In a letter written by the Schools of the Tarrytowns Superintendent Howard Smith, addressed to teachers prior to the start of the school year, he noted that "back-to-school letters should be written with the intent of having an uplifting and inspirational effect." He went on to say, " Please bear with me as I start out on a somewhat somber note." That somber note had been provided earlier in the summer when the State Department of Education (SED) had notified Smith that one or more schools in the district definitely or potentially would be a school in need of improvement or a school requiring academic progress in 2006-07.
Those schools — Washington Irving School (Grades 4-6), Sleepy Hollow Middle School and the High School — were listed as being "At Risk for Giving Choice" due to the fact that they failed to make "Adequate Yearly Progress" (AYP) on one or more accountability measures in 2004-05.
The annual "Accountability Status Report" issued by the SED indicated that 4th and 8th grade Limited English Proficiency (LEP) student performance on the 2005 English Language Arts assessment along with 8th grade LEP performance on the 2005 Math assessment, did not hit the annual yearly progress mark. Hispanic and economically disadvantaged 8th graders, as a group, did not meet English Language Arts targets as well.
Accordingly, Superintendent Smith’s four-page letter stated, "If student performance on the 2006 assessment, which will be expanded to include the entire grades 3-8 assessment program, does not hit the established targets for the year, the designation of these schools will shift to ‘Must Give Choice.’" What that means for the Tarrytowns Union Free School District is that in a school district with a neighborhood school model, we would have to allow students in a "School in Need of Improvement" to transfer to a "School of Good Standing" elsewhere in the district, upon parent request. Mr. Smith added, "This designation would also trigger a sequence of other potential consequences as well."
School choice and vouchers (which translate to dollars) given to parents who decide to move their children from one school district to another, is a very real issue within the United States. Superintendent Smith is fully aware of that reality and wrote, "In order for our school district to continue being perceived as a viable choice, we must be particularly attentive to the needs of two very different ‘at-risk’ groups of students. One group obviously consists of our English Language Learners, and in some cases our Hispanic population at large, who are failing to meet our assigned proficiency targets on state assessments." The second group of students, according to Smith, are "those that tend to learn more quickly than the rate for which the general pace of instruction is geared and who are capable of going beyond the scope of the general curriculum, [and who] can be ‘at-risk’ in a model like ours that largely defers choice in terms of student groupings until the high school years." Therein lies one of the problems which more and more parents are becoming aware of. Smith noted, "The parents of our higher functioning students can become anxious about our commitment to meeting the needs of their children, given the demand of our accountability for addressing the needs of the first group."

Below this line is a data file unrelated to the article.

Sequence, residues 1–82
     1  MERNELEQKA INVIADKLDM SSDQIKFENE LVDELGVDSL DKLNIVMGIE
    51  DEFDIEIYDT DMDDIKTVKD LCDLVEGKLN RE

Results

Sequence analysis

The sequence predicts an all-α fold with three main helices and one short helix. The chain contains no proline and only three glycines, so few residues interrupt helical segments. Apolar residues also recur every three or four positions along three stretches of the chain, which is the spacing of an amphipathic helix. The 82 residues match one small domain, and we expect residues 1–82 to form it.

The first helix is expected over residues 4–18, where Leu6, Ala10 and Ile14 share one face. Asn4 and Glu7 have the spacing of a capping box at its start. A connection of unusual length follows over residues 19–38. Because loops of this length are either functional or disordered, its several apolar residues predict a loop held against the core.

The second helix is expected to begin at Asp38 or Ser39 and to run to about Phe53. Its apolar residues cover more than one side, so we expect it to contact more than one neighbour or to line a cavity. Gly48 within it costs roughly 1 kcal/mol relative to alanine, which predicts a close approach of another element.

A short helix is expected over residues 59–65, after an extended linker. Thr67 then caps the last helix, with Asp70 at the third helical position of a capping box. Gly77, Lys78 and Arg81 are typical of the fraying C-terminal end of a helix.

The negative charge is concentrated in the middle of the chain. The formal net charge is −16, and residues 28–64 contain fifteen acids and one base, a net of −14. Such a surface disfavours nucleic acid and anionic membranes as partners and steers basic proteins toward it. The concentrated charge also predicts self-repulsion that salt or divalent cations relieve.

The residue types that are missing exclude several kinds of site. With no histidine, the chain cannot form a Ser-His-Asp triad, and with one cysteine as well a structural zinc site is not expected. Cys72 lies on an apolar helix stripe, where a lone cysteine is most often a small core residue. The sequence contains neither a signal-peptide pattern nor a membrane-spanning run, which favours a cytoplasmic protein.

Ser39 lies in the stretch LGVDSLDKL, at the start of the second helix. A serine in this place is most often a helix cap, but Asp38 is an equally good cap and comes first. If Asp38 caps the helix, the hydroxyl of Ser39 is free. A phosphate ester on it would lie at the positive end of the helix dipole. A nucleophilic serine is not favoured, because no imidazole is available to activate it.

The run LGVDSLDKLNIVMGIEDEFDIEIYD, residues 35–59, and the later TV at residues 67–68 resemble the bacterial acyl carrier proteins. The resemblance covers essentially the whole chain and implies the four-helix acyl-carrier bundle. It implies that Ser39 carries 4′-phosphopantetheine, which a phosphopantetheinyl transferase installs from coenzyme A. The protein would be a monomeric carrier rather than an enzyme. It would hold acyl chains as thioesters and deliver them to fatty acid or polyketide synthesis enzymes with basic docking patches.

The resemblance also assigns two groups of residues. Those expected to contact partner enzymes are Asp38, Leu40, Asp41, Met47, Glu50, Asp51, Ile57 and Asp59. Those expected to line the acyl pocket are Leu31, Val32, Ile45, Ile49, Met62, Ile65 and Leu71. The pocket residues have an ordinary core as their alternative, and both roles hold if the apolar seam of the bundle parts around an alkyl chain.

With the school choice movement gaining momentum, the Superintendent mentioned that it may not be too long before Tarrytown and Sleepy Hollow parents are offered financial support for choosing to send their children to another public or private school. He wrote, "The parents of our English Language Learners are not likely to exercise that choice, even though the performance of their children would be triggering the requirement that we offer choice. However, to the extent that the parents of our highest functioning students perceive their children to be ‘at-risk’, they may be tempted to exercise their choice."
With a High/Middle School renovation project underway which will include Washington Irving as well and cost $90,000,000., when all the bonds are repaid, what is in store for the Tarrytowns Union Free School District ? What will the student population be comprised of in the future? With governments deciding on making school choice money available to parents, Smith sees the potential for this "unfolding in our district." He wrote, "We cannot get so caught up in the challenge of serving our struggling learners that we fail to place sufficient emphasis on the needs of the students whose intellect provides an upward pulling effect on everyone around them (including the teacher)."
True to his word, Superintendent Smith’s letter had a somber note to it. Certainly his hope was for teachers and parents to feel confident about the School District. He closed his letter by thanking educators for choosing the District and asked them remain focused on helping parents feel that they have made "a good choice too."